Wear-outables: string, length of - Brian Tryzers
My long-serving Volvo S60 D5 manual will reach 100,000 miles some time this autumn. Never having run a car anything like this long before, I'm starting to wonder when I should expect predictable bits to wear out.

By this I mean especially clutch, brakes and exhaust. The car's been through a few tyres, wiper blades and bulbs, and has had some model-specific maintenance items - cambelt and some bushes - but what I'm thinking of is what's a good service lifespan for a clutch or an exhaust?

I'm using my particular car as an example but the question could apply to anything. Mine has done most of its miles in top gear and at motorway speed, which is gentle on these components. I know I'll have to replace the brake pads before much longer, but what about the clutch and exhaust? Is it possible to make these last indefinitely?
Wear-outables: string, length of - bathtub tom
Don't worry about it!

I recall a story about some mediocre car (Datsun Cherry perhaps) that did a regular run a couple of times a week from Stevenage to the North-West. It's tyre wear was minimal and things like clutch and exhaust were 300K plus.
Wear-outables: string, length of - concrete
We personally ran a second car for 16 years with everything original except the exhaust intact. 157K and the steering joints started to play up, eventually we scrapped it because we couldn't give it away, believe me we tried. That was a Honda Accord petrol 2.01. an ex company car of mine bought from the lease company. I have regularly put 120K miles on cars in 3 years and have never had to replace anything significant with Ford, Vauxhall, Peugeot, Renault, Honda, Toyota, VW etc. The type of mileage you do is taylor made for preserving modern cars. i.e. regular use, long journeys at cruising speeds, not much town work. Just keep it serviced and well run with considerate driving and most vehicles will last and last. Concrete
Wear-outables: string, length of - Brian Tryzers
Thanks, chaps. There's another component I meant to ask about that we may as well include in this thread: airbags. Not strictly a consumable but I believe they are supposed to be replaced at ten years. Airbags first gained a foothold here at the time of the first Mondeo in 1993, so there must be plenty of cars about that (should) have had them replaced. I can't imagine it's a simple pop-out, push-in job like changing a bulb, but has anyone here had it done? If so, is it the kind of expense that turns serviceable old chariots like mine (which has front, side and curtain 'bags) into scrapyard material?
Wear-outables: string, length of - gordonbennet
. I can't imagine it's a simple pop-out push-in job like
changing a bulb but has anyone here had it done?

My ageing MB needed a new single column switch not long after i bought it, it does dipswitch, wipers, washers and indicators so at roughly £80 (memory) i wasn't complaining.

After reading the haynes on the subject of airbags and all the dire warnings i instead commissioned my able sparky with the job, he was a sparky for MB at one time so knows his way round these.
He simply unscrewed the airbag from the rear of the steering wheel and popped the bag off and disconnected it, no fuss at all, so much for all the warnings (ISTR he disconnected the battery first), and reconnection was just as simple.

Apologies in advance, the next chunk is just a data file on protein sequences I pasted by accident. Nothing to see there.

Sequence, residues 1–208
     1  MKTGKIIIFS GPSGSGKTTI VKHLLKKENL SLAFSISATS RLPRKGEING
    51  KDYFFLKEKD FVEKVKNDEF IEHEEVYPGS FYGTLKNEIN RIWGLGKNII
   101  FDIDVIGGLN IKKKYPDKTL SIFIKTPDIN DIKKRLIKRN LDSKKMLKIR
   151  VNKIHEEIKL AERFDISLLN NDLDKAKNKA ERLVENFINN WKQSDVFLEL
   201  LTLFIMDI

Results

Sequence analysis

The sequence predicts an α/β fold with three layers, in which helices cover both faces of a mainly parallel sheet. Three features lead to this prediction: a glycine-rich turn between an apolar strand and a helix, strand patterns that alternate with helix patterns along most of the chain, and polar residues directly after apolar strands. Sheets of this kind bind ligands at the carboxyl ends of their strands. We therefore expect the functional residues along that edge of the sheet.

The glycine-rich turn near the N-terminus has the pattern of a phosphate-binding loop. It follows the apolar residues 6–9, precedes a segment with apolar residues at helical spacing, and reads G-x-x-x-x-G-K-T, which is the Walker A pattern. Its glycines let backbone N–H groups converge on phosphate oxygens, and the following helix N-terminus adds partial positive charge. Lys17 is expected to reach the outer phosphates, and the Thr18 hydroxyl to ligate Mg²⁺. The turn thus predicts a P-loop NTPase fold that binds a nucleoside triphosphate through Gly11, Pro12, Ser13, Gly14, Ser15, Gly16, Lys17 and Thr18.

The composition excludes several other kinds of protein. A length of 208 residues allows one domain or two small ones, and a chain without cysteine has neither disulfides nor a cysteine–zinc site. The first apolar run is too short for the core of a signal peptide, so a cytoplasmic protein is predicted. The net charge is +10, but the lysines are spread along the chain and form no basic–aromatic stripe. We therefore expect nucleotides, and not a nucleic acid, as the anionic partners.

I was thinking much the same WDB, can't think that the steering wheel airbag would be too painful, luckily the MB's is a separate bolt on item presumably likewise the passenger side, some steering wheels look like they are complete with bag moulded in.

I'm hoping to get another 5 years out of my car as it is and then i'll have to make the decision whether to spend a large amount on a rebuild i'd imagine...i wonder if the govt of the day will allow me the privilege?

What the cost will be of a fully curtained car is anyone's guess, but it won't be cheap.

Edited by gordonbennet on 13/09/2009 at 21:24

Wear-outables: string, length of - SpamCan61 {P}
None of my 150K+ Vauxhalls have needed a clutch change, it's much more to do with driving habits than mileage.
Wear-outables: string, length of - Andrew-T
Clutches are worn out by hill-starts, getting away from the lights, and resting the foot on the pedal. If you don't do much of these, clutch may outlast car.

Even 40 years ago I sold on a 1100 estate which passed 90K miles on the original clutch, and those cars weren't noted for long-lasting parts.
Wear-outables: string, length of - Alby Back
I suppose sometimes you just get lucky with cars. They will occasionally rumble on mainly trouble free for remarkable numbers of years or miles. Kept maintained and driven with a modicum of empathy they can achieve levels of usage far beyond that which has become the expected norm. I think it's mainly about having lowered expectations and heightened delight at their abilities.
Wear-outables: string, length of - Harleyman
Very true, Humph. I sold my beloved BMW 525TD a couple of years ago, on the basis that after 185K miles something was likely to go expensively wrong soon.

I eventually sold it to my friend in the Harley club who has enjoyed trouble-free motoring ever since, and ironically it now does far more miles per day than it ever did with me.
Wear-outables: string, length of - OldSock
My '99 S80 is still going strong on its original exhaust at 158,000 miles, so hopefully yours has plenty of life in it yet :-)